Last Sunday, my teenaged daughter and I worked in the church nursery during the Sunday School hour. This is one of my least favorite ministries, I have to tell you the truth. I’d much rather be relaxing in the adult class, listening to the teacher expound on how much God loves us and what that particular Greek word over there means and where we see that principle in the Old Testament or what have you.
But it was our turn, so there I stood in my stocking feet, holding a baby and her bottle while listening to Fun Sunday School Songs for Children on repeat in the CD player. In the rush to get my own family out the door that morning, I had neglected to down my third cup of coffee. So my mood was altogether less than sunny.
The toddler pointed at her snacks on the counter. “What do you say?” my daughter Adana prompted.
“I don’t think she can speak clearly yet.” I started toward the sippy cup.
“Yes, she can say please and thank you. I taught her a couple weeks ago.” Adana grabbed the cup and crackers, then faced the toddler expectantly.
“Peeeeees!” I heard it plain as day.
“And?” Adana held out the snack.
“FANX!” Large grins filled both faces as they began their Sunday snack time ritual together at the plastic table.
I think watching your child teach a valuable lesson to a younger child is sure confirmation that lesson has been learned. So I started to pat myself on the back a little for just a moment: Hey, I mommed really well! I teached her to say her please-n-thank-you. I learned her real good. Gratitude lesson? CHECK!
But my conscience stopped me from gloating. The irony came crashing down on me the next moment: it was a lesson I, myself, needed to learn. For while my teen sweetly served that morning, I had done nothing but grumble and complain.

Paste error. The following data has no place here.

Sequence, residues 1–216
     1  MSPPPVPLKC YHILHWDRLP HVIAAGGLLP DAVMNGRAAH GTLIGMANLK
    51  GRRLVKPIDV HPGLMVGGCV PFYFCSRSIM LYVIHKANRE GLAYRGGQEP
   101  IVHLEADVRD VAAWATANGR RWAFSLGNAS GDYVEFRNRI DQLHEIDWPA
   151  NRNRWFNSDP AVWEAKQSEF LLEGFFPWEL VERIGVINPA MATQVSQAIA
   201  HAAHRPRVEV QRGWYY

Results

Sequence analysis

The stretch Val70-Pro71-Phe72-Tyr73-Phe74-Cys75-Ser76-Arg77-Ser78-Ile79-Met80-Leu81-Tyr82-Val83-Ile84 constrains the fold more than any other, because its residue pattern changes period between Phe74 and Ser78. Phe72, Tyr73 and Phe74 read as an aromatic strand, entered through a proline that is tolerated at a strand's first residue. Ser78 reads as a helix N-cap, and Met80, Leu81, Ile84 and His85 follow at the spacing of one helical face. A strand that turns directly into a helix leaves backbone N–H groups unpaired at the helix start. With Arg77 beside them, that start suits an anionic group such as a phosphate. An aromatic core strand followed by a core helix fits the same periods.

While momming and homeschooling and nursery-minding may be thankless jobs, that is no reason to become unthankful myself. Yet in so many ways, that was exactly what I had done. My own lack of thanks had tripped me up that week more times than I could count:
- I was unthankful for the difficult subjects that gave me opportunity to work closely with my student.
- I was unthankful for the slower pace of arthritis in the cold months, time to snuggle and read and rest.
- I was unthankful for the coming holiday events, the memories and the celebration of God Incarnate.
- I was unthankful for the manifold gifts of God: His Spirit, His Word, my family, homeschooling, church, friends, salvation.
For me, personally, November and December mark the most difficult season of the year. The special events, the haunted memories, the obligations, the cost, the out-of-the-routine chaos of the holidays all put me on edge and out of sorts. Even without nursery duty.
But perhaps that’s the very point.
Maybe instead of grumbling and complaining, God is calling me to take the blessings of the season from His outstretched hand with a simple, feeble “thank you” as the provision I need. Maybe instead of ingratitude and selfishness, He wants me to learn the simple lesson of thankfulness.
Maybe it’s time for Mom to go back to this most basic lesson.
Lea Ann Garfias is a freelance writer whose words have appeared in a plethora of ebooks and websites. She would not say plethora if she did not mean plethora. A homeschool grad and homeschooling mommy of four, Lea Ann drinks a lot of coffee, reads a lot of books, and plays a lot of Bach in Dallas, Texas.